MakerBot has revealed its latest update for its desktop 3D printing software, and it has the company's MakerBot models printing 30 percent faster—all thanks to a new, cutting-edge infill pattern that lends better structural support to the objects it produces.

The company's new infill pattern was develped as a complementary feature to MakerBot's last highlighted addition: MakerBot's 3.7's variable layer height printing. In tandem with 3.8's diamond infill, selected printable designs can be produced with a thicker interior, making printed objects more durable.

In addition to this, the MakerBot's variable layer height tech also complements its new infill in regards to production rate—the higher the layer height is set, the faster the MakerBot hardware will print.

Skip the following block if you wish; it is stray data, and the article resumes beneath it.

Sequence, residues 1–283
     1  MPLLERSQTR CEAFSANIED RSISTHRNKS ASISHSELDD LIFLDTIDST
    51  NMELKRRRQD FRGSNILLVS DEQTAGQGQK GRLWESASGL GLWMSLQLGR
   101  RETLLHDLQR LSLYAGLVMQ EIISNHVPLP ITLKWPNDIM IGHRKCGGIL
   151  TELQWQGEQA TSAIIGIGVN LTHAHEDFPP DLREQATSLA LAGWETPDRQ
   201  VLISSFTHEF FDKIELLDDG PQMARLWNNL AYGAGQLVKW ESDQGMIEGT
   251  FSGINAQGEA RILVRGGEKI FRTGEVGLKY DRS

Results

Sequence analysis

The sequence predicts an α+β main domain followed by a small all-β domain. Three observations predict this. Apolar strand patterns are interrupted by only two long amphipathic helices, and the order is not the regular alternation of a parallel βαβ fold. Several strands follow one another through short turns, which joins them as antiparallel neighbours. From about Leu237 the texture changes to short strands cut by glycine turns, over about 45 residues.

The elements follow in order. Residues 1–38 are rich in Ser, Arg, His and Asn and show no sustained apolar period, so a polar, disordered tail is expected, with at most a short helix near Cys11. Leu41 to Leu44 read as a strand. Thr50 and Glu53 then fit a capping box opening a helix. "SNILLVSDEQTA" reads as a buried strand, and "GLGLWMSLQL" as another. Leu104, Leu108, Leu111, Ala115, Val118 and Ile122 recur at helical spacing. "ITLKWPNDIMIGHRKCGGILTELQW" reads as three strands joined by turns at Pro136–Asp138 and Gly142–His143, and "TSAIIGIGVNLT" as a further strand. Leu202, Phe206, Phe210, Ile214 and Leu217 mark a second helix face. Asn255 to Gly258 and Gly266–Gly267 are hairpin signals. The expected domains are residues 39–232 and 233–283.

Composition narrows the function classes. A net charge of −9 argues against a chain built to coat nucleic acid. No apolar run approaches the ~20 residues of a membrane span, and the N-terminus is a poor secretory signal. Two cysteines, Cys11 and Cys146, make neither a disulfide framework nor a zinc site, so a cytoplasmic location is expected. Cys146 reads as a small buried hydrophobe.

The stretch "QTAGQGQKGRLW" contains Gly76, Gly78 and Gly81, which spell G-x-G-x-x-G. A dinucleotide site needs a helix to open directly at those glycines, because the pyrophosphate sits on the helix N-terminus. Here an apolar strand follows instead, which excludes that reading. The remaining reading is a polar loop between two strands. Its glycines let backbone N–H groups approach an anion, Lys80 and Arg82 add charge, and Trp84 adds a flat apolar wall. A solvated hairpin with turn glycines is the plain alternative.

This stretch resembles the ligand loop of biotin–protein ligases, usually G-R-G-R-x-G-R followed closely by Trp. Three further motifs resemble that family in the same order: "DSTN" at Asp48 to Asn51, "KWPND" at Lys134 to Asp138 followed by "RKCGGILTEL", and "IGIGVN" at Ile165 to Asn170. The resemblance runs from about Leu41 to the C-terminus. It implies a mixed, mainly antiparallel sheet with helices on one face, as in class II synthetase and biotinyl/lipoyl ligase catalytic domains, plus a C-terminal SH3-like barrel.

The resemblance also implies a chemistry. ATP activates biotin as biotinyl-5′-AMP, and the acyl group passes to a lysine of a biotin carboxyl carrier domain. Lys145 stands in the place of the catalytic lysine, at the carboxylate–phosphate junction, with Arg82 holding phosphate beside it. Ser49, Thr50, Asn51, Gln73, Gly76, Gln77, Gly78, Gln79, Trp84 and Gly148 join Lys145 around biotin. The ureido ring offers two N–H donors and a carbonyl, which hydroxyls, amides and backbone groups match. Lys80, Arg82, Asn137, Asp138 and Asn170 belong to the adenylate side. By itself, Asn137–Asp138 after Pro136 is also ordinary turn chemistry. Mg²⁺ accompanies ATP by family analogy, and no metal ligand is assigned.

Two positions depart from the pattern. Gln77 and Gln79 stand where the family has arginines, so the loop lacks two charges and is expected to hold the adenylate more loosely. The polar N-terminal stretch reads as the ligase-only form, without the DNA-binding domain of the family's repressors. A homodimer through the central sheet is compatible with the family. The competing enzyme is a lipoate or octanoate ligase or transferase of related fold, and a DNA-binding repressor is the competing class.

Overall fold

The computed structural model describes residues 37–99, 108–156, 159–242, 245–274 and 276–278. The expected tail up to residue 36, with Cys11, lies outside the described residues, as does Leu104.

So what makes both the new infill and variable layer height work in a speedier, stronger, and more efficient capacity? Simple: the algorithm patterns designed and curated by the company's engineers. Slicing algorithims (i.e., what programmers use to streamline program statements, or, in this case, converting an unprinted 3D model from a simple graphic on your computer screen into an actual printable file) were developed to cut out unnecessary turns for the printer's extruder to pick up the hardware's pace. The result was the diamond infill shape, which takes less time to complete compared with the MakerBot 3.6's hexagonal patchwork.

The new update is compatible with the MakerBot Replicator, Replicator 2, MakerBot Replicator 2X, and any Fifth Generation MakerBot Replicator printers.

Learn more about the MakerBot 3.8 in the video clip below.


Via: SlashGear

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